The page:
Covid-19 Exclusives: One Man’s Food Waste Can be Another Man’s Meal


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UNCLE TEOH TAKES out his knife and cuts off the bottom end of the radish that has gone bad. He tears off the lettuce leaves that have browned and puts them all in a sack. He then goes through the basket of discarded produce to see what other vegetables can be salvaged.

It is 4am, and the Pulau Mutiara market – the biggest wholesale market, located along Gat Lebuh Macallum – is bustling with traders tapping away at the calculators after making a sale, as foreign workers push carts down the road yelling for people to get out of the way.

Pulau Mutiara is where local vegetable sellers come to get their hands on fresh, locally-sourced seasonal produce, and restaurant owners stock up on supplies. But you also get the occasional bargain-hunting housewives from the surrounding flats.

The outbreak of Covid-19 has left many people jobless and strapped for cash.

In spite of having grown up and living in Penang, I must admit that I did not know about the market until recently. But I’m not here to buy any vegetables today, rather I’m on a mission to try to convince market traders to give away perfectly edible but curiously-shaped vegetables that they think are not fit to sell, or which they have trouble selling before they have to be thrown away.

This idea came about after I heard first-hand from individuals of their struggles to buy daily groceries to feed their families. One thing led to another… I am now talking to Uncle Teoh, a wholesaler who has been in the business for over 40 years. His stall boasts an impressive range of vegetable produce which he classes Grades A, B and C, according to their quality and price.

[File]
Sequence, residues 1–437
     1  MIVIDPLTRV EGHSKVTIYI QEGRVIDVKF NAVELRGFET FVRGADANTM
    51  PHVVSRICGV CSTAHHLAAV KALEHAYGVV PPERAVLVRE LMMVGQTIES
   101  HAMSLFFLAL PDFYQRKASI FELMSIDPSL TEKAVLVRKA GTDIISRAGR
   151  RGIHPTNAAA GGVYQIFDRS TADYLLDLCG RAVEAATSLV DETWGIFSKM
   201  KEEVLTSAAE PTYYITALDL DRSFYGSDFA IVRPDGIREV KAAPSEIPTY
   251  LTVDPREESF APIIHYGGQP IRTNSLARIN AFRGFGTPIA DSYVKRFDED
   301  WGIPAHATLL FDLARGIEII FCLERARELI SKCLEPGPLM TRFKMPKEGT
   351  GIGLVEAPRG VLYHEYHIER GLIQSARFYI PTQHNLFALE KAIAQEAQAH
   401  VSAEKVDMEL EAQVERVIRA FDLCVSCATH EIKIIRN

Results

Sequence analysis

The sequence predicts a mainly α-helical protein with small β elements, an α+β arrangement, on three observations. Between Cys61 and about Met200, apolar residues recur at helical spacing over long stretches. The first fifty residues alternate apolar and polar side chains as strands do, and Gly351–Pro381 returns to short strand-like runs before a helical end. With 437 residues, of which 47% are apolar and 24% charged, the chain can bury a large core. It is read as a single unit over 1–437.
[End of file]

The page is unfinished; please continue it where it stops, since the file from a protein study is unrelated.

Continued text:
“Often, we have to throw away vegetables, like these chillies here that are a little off-red in colour and are shaped funny. They are still good to cook, but nobody wants to pay for vegetables that look ‘ugly’,” he explains, plucking at the shrivelled cabbage leaves to reveal the insides that are still green. “Those that I’m unable to sell, I donate them weekly to a soup kitchen that cooks for the poor in the Rifle Range and Air Itam areas.”

At that moment, a van from a soup kitchen pulls up from around the corner and Uncle Teoh gets up to load nearly 50 bags of bitter gourd, pak choi, carrot, pumpkin, ladies finger, potato and eggplant into the van. These vegetables, which had been worth at least RM400, are now to feed poor families, who would otherwise go hungry. Unfortunately, not all vendors give away their aging vegetables the way Uncle Teoh does.

Wonky-Looking Produce Increases Food Wastage


The Lighthouse used to prepare meals for 80 people, but is now cooking for up to 150 people daily.

The UN’s Food and Agriculture Organization estimates that 1.3 billion tonnes of food are wasted or lost every year; this is especially so at the later stages of the supply chain, and mainly at the retail level.

Fruits and vegetables account for the highest amount of food thrown away, at 644 million tons (42%), followed by roots and tubers at 275 million tons (18%). However, in some parts of the world, attitudes seem to be changing when it comes to ugly-looking vegetables. These produce – either bruised, blemished, curvy, too little or too plump – are given a second chance, with the rise of start-ups that are challenging such perceptions.

Oddbox in London works closely with farmers to rescue produce that do not meet cosmetic supermarket specifications, by delivering fruit and vegetable boxes to households. For RM45, customers get a small box of a range of produce such as avocadoes, kale, sprouts, kiwi, parsnips, cherry tomatoes and mango. Beautiful recipes are included for cooking inspiration. Not to be left behind, supermarkets like Morrisons in the UK sell budget-friendly wonky vegetable boxes for RM25 each.